He also dismantled private media and refused to implement a constitution drawn up after Eritrea’s independence.

Today, most Eritreans are assigned jobs in a national service program that lasts forever, and prevents them from traveling abroad or switching professions.

Everyone from restaurant employees to civil servants to schoolteachers is enrolled.

There are few obvious signs of this repression on the streets of Asmara.

Much of the older generation, who fought in the independence war, spoke affectionately of Isaias and the sacrifices he made to liberate Eritrea.

Reminders of the independence war were everywhere.
The administrator of an art school, himself a war veteran, kept a photo of tanks arrayed for battle in his office, and one day I found a bookstore whose shelves were filled with locally published memoirs of the independence struggle.

But if you asked around, you could sense the discontent with Eritrea’s direction, particularly among the young.

Hundreds of thousands of Eritreans have fled the country in recent years, and in our time in Asmara, young people repeatedly confided to us that talk of leaving was widespread.
While we were never followed or obviously watched, we got the feeling that just about everyone was willing to inform on us, if not out of support for Isaias, then out of fear of what would happen if they didn’t.

Once, while interviewing a businessman, I asked if he felt Eritrea was isolated.
An employee of his who was translating batted my question down. Too political, she said. We don’t want any trouble.

It became clear after arriving in Asmara that word was out that a large group of foreign journalists, many of them Ethiopian, was in town.

At our hotel, all kinds of people would seek us out, with my two colleagues, both Ethiopians, receiving particular interest.

In the mornings, I’d often spot them in the lobby chatting to strangers wanting to explain Eritrea’s perspective on the border dispute, or the fine details of its political system. The questions asked of my colleagues often seemed geared towards sussing out their own politics.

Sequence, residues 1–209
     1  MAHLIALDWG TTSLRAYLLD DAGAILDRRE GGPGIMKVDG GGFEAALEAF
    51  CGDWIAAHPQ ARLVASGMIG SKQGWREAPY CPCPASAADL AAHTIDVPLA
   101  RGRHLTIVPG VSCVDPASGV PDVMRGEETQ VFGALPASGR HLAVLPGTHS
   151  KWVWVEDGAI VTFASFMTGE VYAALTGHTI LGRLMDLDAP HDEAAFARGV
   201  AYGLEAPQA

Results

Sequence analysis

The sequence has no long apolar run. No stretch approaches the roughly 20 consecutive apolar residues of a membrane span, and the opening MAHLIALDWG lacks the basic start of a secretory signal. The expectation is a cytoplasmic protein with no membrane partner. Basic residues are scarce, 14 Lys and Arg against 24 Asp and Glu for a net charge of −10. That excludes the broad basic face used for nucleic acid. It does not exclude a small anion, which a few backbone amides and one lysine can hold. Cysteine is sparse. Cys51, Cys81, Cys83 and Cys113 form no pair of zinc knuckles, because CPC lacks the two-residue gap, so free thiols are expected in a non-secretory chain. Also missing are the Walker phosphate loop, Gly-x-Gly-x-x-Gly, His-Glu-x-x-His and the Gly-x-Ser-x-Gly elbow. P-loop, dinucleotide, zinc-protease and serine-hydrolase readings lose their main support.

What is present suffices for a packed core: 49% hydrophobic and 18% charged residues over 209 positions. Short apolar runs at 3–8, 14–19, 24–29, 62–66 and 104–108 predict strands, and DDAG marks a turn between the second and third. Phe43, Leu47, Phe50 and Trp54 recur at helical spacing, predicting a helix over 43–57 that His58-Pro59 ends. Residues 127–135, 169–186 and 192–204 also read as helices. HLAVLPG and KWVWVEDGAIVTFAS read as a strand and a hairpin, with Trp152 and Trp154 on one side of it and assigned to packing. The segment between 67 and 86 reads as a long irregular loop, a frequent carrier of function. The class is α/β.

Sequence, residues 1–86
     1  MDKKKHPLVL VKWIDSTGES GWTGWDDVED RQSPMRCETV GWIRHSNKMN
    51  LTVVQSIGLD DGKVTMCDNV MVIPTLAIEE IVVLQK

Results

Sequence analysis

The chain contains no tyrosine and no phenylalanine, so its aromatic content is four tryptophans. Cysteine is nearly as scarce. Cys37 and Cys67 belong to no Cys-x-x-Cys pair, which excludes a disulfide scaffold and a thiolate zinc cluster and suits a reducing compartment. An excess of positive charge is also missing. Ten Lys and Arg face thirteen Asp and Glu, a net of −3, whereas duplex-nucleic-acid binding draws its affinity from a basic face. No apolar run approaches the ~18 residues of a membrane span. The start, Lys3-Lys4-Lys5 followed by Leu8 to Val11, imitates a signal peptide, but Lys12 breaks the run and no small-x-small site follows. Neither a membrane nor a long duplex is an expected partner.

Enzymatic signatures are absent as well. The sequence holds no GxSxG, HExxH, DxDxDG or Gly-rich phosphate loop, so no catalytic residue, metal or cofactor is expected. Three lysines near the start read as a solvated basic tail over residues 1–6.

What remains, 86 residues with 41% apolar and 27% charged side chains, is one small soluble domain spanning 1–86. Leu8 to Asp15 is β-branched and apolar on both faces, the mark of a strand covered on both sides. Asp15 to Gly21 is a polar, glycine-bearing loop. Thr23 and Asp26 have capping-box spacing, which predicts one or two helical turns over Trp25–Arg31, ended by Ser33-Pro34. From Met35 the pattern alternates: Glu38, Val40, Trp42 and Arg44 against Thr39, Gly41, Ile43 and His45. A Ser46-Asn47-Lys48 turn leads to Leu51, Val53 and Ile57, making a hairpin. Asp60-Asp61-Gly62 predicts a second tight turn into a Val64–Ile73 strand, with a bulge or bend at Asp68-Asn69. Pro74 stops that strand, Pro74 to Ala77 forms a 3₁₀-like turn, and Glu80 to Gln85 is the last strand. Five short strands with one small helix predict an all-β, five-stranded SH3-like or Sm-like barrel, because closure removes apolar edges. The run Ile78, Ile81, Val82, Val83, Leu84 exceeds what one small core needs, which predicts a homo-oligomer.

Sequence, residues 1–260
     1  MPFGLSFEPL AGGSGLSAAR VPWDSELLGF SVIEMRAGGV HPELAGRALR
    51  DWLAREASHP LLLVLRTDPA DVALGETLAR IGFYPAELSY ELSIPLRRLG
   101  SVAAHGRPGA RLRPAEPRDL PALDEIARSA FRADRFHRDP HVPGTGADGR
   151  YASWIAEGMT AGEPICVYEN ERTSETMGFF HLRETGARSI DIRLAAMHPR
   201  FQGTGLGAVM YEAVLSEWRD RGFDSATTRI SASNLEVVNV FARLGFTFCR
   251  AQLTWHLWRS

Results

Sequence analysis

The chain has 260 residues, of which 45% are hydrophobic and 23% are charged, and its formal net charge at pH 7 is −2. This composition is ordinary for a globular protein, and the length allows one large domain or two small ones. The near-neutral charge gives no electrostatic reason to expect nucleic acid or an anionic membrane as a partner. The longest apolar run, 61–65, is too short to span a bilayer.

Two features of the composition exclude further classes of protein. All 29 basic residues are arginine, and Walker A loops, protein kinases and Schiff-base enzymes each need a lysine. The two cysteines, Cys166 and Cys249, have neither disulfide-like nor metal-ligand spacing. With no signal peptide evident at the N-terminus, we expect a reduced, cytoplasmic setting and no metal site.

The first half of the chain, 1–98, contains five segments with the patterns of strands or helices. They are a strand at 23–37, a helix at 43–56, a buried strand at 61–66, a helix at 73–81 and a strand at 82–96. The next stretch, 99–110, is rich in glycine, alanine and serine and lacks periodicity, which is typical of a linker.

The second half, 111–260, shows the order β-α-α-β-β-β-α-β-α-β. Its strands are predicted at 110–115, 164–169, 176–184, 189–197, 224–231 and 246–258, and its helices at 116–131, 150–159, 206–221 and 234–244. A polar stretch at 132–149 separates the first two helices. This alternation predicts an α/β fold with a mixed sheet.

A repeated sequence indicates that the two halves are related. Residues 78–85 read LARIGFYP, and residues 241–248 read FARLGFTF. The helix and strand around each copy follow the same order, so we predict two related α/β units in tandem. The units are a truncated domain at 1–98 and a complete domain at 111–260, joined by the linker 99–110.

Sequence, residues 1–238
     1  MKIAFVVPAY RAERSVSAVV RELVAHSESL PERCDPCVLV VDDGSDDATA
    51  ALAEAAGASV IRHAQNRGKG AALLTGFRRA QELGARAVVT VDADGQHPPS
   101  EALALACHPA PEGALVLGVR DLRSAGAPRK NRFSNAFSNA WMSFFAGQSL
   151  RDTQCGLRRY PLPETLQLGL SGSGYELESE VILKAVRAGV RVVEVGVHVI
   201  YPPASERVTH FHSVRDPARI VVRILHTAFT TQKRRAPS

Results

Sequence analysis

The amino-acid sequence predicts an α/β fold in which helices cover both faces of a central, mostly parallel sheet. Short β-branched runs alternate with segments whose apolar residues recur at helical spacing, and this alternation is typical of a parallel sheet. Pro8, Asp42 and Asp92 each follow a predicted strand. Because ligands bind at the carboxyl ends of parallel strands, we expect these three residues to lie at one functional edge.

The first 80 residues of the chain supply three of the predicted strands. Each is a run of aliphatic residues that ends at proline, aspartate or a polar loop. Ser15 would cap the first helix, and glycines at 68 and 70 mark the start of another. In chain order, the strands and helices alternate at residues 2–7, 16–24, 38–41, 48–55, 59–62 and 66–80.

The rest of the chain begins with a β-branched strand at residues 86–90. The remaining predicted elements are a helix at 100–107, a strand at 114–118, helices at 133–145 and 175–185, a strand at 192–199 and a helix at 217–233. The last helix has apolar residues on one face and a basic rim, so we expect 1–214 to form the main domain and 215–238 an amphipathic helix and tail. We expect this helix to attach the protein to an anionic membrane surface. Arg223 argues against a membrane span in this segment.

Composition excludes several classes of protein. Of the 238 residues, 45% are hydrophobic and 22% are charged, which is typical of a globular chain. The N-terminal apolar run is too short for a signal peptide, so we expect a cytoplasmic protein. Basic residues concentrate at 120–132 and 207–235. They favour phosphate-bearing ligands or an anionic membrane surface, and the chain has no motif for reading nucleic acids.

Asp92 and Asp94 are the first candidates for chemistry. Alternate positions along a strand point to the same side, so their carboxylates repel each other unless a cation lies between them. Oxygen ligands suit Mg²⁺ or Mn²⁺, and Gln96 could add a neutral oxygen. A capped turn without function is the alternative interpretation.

One night, a wealthy businessman drove me and some other foreign journalists around Asmara, pointing out the architecture, buying us coffee and insisting that Eritreans were much less materialistic than Ethiopians before showing us his antique car collection.

Our days in Eritrea were full of curious and genteel moments like this.
The longer I stayed, the more I realized that, for me, this wasn’t simply a reporting trip in a country that exerts an unusually absolute grip on its people.

I found myself a bystander to the real-time healing process between two countries with a long history of animosity.
Strolling around Asmara, I watched random Ethiopians being stopped in the streets by Eritreans they’d never met and treated like long-lost family.
At meals, restaurant owners would emerge to greet my colleagues, often in their national language, Amharic.
The trench warfare and cluster bombings of the independence and border wars no longer seemed to matter. Everyone was happy to see Ethiopians again.

I occasionally navigated this historical moment clumsily.
After a few days, the receptionist at my hotel confided that the first call he’d received from Ethiopia after phone lines were reconnected was me: a random American guy, looking for a room. I couldn’t help but feel that I’d disappointed him.

It’s been a couple of weeks since I got back to Addis Ababa. I wonder what Asmara is like now.
The city is, in many ways, frozen. There’s not much moving, being built or changing. It’s beautiful, but not in a way that speaks of prosperity.

Many Eritreans seemed to believe the return of Ethiopians would be the start of a brighter future, perhaps one with the freedom to choose one’s job, and make one’s own life.

But obstacles remain. The two countries had a host of minor disputes that were never resolved in the five years of detente following independence and before the border war broke out.

And the Ethiopian experience since the conflict — years of economic growth, skyrocketing population and worsening ethnic tensions — stands in stark contrast to Eritrea’s quiet, principled malaise.

Isaias used the fear of Ethiopian aggression as the justification for his harshest measures. That’s over now. But there’s no guarantee the relationship between the two countries won’t become rocky again.

Still, one can only hope that perhaps Ethiopian friendship will convince Eritrea’s government to make the changes its people say they want to see. Chris Stein